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Did they say they’re simply stopping to support cable cards? (If so, why?) Or are they switching to an incompatible system like IPTV?
the only explanation I got was their new system (software, hardware...?) was not compatible with cable cards...
they insisted I accept two set-top boxes to continue viewing... I turned them down, of course...
just signed up for YouTubeTV... good selection of channels and unlimited (DVR) cloud storage of my favorite programs...
 

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We got screwed when the FCC didn't have the balls to require an IPTV access standard. You'd think this is what gov't is supposed to do (i.e. standards) but you'd be wrong, although somehow it was perfectly ok to do ATSC 3.0.
 

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Charter to Cut Off CableCARD Support

By Daniel Frankel published 1 day ago

Network upgrades will render already obsolete cable-TV security standard utterly useless for the small number of loyal cable customers still using it in their TiVo and SiliconDust DVRs

I know this has been discussed but here is an article from NEXT TV NEWSLETTER
JS
 

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What's interesting to me is that Charter seems to be implying that the only thing ending anytime soon is support for CableCARD --i.e. that they do NOT plan to get rid of QAM cable TV more broadly, and switch over to IPTV-only, as their Alaskan "cousin" GCI recently did in order to also make high-split upgrades to their data network. Charter says that the reason their high-split upgrades will eliminate CableCARD support is because it will eliminate the specific upper frequency that CableCARDs use for OOB (out-of-band) upstream communication. But they also raise the possibility that they may be able to simply shift that OOB frequency even higher after the high-split upgrade. In other words, Charter is saying "We may be able to bring support for CableCARD back in the relatively near future after initially dumping it."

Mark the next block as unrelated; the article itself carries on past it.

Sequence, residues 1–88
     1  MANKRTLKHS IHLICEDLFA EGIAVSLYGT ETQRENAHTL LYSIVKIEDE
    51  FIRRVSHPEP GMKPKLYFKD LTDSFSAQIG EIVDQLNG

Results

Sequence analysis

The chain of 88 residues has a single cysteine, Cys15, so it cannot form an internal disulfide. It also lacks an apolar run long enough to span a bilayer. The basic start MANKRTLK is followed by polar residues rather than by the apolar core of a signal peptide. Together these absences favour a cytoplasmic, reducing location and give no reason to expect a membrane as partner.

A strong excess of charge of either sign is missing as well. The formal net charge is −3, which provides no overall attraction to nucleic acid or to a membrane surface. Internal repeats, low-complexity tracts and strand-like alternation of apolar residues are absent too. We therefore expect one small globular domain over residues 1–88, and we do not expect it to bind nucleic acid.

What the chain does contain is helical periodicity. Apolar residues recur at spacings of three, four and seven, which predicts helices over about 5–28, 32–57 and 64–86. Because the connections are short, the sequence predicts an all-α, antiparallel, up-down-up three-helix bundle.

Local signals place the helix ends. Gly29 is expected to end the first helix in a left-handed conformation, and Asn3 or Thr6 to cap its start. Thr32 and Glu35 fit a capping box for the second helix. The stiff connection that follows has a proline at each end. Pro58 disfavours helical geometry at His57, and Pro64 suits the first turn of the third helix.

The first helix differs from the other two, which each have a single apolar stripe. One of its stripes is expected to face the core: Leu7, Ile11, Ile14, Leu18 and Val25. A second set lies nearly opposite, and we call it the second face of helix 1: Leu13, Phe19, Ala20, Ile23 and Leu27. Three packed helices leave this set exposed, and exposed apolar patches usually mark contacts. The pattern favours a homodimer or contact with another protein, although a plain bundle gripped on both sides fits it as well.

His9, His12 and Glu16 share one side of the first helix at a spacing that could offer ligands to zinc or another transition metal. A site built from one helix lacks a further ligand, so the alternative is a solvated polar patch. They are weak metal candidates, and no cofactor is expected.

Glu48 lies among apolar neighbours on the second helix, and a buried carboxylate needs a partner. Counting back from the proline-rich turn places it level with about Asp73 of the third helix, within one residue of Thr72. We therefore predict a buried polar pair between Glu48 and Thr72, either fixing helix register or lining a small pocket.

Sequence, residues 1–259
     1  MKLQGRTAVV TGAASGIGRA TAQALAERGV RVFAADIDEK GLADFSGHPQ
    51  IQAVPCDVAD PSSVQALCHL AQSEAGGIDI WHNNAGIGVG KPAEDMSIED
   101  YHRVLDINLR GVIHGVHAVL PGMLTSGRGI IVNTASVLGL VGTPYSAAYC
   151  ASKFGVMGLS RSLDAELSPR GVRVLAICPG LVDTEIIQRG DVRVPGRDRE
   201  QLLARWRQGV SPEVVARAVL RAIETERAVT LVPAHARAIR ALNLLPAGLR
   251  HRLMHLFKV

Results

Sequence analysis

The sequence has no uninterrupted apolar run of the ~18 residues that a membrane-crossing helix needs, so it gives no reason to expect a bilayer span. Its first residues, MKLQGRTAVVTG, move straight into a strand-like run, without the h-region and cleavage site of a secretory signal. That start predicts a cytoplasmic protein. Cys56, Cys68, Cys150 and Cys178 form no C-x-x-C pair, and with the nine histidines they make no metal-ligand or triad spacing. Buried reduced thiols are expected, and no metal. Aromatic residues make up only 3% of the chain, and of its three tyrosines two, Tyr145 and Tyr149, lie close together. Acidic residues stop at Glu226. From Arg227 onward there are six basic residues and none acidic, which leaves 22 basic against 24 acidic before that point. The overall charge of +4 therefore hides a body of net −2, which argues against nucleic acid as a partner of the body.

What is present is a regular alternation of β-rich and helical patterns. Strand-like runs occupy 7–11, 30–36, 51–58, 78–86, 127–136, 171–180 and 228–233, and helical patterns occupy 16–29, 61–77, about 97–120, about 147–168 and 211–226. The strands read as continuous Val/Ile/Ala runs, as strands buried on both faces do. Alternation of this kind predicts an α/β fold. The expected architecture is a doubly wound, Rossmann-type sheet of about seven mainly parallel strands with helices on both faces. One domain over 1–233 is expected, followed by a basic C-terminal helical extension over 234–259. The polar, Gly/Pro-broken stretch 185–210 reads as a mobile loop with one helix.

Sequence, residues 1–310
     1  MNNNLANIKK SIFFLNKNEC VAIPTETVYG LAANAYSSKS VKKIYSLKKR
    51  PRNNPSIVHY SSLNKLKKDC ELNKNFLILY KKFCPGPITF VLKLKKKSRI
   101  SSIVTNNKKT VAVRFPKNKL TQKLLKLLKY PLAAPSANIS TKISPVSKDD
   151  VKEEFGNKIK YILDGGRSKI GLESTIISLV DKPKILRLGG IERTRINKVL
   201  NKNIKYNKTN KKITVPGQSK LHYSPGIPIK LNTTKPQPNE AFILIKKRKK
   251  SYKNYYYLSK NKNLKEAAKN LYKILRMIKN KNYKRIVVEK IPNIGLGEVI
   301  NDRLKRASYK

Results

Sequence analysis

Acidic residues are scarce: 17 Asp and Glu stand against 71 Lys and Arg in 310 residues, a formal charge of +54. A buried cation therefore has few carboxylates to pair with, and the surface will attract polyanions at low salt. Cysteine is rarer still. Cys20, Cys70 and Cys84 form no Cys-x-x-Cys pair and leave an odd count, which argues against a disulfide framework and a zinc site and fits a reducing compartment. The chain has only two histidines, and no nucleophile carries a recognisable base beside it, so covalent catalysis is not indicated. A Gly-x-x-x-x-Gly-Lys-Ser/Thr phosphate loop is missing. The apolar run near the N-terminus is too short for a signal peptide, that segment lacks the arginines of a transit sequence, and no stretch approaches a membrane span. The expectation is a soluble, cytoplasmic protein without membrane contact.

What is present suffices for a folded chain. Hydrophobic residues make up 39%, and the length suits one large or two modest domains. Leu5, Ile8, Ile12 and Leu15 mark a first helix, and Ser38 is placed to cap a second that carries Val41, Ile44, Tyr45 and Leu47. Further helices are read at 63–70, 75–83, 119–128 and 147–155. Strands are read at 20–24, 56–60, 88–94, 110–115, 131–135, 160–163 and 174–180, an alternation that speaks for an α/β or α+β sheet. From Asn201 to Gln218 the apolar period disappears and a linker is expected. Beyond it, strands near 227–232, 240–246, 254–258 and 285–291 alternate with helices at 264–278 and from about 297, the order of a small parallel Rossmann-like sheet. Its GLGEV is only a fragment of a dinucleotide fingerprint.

While HDHomeRun CableCARD devices can apparently be software updated in order to use a hypothetical new higher OOB frequency in the future, it's unclear if that's possible for some, or any, TiVo DVRs. Frankly, I can't see why Charter would even bother to try and re-instate CableCARD support, given how few customers even use it. Based on the FCC's last public release of the numbers of CableCARDs in use a year or two ago, I calculated that they represented only about 0.5% of all eligible cable TV subscribers in the nation.